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Some digital voice protocols are time slotted (TDMA), i.e. the transmitter of a station is not on all the time, and multiple stations may transmit digital voice on the same frequency at the same time by transmitting small digital bursts, one by one.

For example, DMR (MotoTRBO), which is already somewhat popular in amateur radio circles, has a duty cycle of slightly less than 50%, and two voice transmissions can be retransmitted by the same repeater at the same time.

Would it be possible to make a digital "simplex" voice repeater which would listen on one time slot and immediately repeat the received voice frame on the next time slot, on the same frequency? Do such repeaters exist for some protocol?

It'd work fine with a single antenna, and wouldn't require duplex filters. Much easier to set up than traditional voice repeaters.

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There are currently products from multiple major and minor DMR equipment manufacturers to support single frequency repeater (SFR) function. They may have different names but essentially do the same thing: Repeater input on time slot 1 and output on time slot 2.

What is not certain is whether SFR is interoperable between different manufacturer equipment. From the description by each manufacturer it appears to be interoperable.

Motorola:

Extended Range Direct Mode enables repeater operation on a simplex radio channel. Radios on an ERDM channel transmit on one slot and receive on another slot - the frequency is the same.

With this you get:

  • Repeater-like coverage
  • No need for a 2nd frequency - your simplex channel can be reused.

In this configuration, dual slot operation is not possible and you need to be using a SLR series repeater. IP based dispatch solutions, like SmartPTT Plus and TRBONET Plus, are supported. It also only supports single site conventional operation so no trunking or IPSC.

This feature requires R2.7.0 firmware and is supported on all current generation MOTOTRBO radios. My understanding is that this feature will also work on other makes of DMR radios.

Hytera:

Full Duplex and Single Frequency Repeater

The UHF model variants of the MD785i are also available with Full-Duplex function and can thus also be used as Single Frequency Repeaters (SFR). In Repeater Mode the mobile radio boosts the range of a direct connection between conventional DMR devices without having to use a base station or repeater. In very concrete terms for users this means they now have more freedom of movement and considerably more flexibility.

Belfone: Repeater and Base Station

BF-SFR600 is our new single frequency repeater solution which is also able to function as a base station within a system. As a single frequency repeater, BF-SFR600 allocates one timeslot to receive a signal and the other to transmit it at the same frequency, using DMO mode to extend radio coverage.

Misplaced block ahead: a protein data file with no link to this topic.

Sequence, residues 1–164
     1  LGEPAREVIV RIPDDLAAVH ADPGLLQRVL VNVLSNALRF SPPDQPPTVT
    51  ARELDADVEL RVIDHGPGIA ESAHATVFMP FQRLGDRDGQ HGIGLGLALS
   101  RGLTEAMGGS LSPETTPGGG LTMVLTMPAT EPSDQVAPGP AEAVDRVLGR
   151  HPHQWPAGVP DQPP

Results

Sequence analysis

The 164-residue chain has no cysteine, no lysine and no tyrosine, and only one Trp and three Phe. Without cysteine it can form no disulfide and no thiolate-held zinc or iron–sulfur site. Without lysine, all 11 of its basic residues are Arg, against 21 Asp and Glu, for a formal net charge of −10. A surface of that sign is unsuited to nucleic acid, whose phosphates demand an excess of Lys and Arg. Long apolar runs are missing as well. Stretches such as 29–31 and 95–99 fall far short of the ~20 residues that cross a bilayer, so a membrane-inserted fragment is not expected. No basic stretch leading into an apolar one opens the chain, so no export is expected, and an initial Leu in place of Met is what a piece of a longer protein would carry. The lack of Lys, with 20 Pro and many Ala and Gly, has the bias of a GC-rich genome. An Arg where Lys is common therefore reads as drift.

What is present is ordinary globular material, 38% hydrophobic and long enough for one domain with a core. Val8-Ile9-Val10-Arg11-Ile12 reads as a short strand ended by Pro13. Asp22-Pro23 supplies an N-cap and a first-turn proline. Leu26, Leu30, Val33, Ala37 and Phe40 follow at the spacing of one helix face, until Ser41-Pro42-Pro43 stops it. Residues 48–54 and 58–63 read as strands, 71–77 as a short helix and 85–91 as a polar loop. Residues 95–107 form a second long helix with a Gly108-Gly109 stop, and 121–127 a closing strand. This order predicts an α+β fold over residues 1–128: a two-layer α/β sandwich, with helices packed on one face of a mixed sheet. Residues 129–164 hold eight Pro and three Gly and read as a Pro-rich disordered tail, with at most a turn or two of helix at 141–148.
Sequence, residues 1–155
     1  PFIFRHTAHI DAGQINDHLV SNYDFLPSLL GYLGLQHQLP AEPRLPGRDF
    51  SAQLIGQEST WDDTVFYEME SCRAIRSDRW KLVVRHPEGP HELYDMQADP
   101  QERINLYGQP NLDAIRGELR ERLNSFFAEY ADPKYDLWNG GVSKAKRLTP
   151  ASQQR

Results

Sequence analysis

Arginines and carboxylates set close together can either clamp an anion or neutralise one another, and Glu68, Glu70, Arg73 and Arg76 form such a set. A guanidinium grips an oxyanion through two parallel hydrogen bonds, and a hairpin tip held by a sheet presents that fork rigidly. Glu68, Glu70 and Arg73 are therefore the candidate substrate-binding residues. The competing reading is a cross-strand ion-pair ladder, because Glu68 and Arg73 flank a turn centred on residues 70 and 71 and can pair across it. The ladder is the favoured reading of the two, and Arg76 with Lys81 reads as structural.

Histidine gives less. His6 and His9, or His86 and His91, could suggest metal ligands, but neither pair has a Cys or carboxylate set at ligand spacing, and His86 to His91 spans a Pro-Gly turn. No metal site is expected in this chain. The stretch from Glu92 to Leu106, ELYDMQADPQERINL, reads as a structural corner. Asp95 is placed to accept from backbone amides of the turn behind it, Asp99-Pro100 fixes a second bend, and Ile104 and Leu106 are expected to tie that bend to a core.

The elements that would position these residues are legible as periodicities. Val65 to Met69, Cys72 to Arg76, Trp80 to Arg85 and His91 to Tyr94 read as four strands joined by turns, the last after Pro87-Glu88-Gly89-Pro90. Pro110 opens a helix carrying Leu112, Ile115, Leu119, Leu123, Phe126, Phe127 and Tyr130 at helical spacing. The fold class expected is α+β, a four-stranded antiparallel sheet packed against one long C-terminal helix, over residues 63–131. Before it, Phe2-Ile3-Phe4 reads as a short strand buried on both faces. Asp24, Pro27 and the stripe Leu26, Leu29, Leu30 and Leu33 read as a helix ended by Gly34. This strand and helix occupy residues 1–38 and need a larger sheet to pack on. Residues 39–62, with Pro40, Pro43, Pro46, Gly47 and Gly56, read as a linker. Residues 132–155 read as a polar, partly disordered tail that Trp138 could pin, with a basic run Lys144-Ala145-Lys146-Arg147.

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    $\begingroup$ Hello, and welcome to this site! I took the liberty of formatting the quote from the site you linked to, to make it more obvious that it was a quote. You can see how and why I did that on this section of the help section. We look forward to seeing more good answers from you. :-) $\endgroup$ – Mike Waters Nov 6 at 22:05
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    $\begingroup$ You are correct, I am only citing these sources. Thank you. $\endgroup$ – BM2NHC Nov 6 at 22:16
  • $\begingroup$ Splendid! Great that the vendors have started to support this protocol feature. It would be so much easier to set up repeaters without the need for duplexers. No second timeslot though. $\endgroup$ – oh7lzb Nov 22 at 19:28
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Would it be possible to make a digital "simplex" voice repeater which would listen on one time slot and immediately repeat the received voice frame on the next time slot, on the same frequency?

Yes, the protocol could be used this way. It wouldn't be simple to setup without the radios specifically supporting such a mode of operation, though. You could use two radios for the repeater - each set the the opposing timeslot, feeding into each other, with VOX enabled, but it would be, at best, a hack and probably wouldn't be very robust without additional control equipment. It would eliminate the need for resonant filters, though.

Do such repeaters exist for some protocol?

I understand that some Hytera radios support this mode. Mototrbo radios support TDMA operation, but when in TDMA mode you select a single time slot for both transmitting and receiving. The repeater would have to be set up to to always receive on one time slot and transmit on the other, and the users would have to set their radio to receive on the correct timeslot, except when they want to transmit. At that point they'd have to manually switch the radio to the other timeslot, then when done immediately switch it back to the timeslot the repeater transmits on. This is not automated in the Mototrbo radios, so they couldn't easily be used for this.

But it is possible, and it may be interesting to do, merely from the viewpoint of eating up only one 12.5kHz channel and removing the need for expensive, large filters.

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  • $\begingroup$ I'm not sure I understand what do you mean by the reference to full duplex (audio going from user 1 to user 2 and user 2 to user 1 at the same time). The question is about half-duplex voice communications using TDMA radios, using a repeater that does not run it's receiver and transmitter at the same time. $\endgroup$ – oh7lzb Nov 13 '13 at 12:01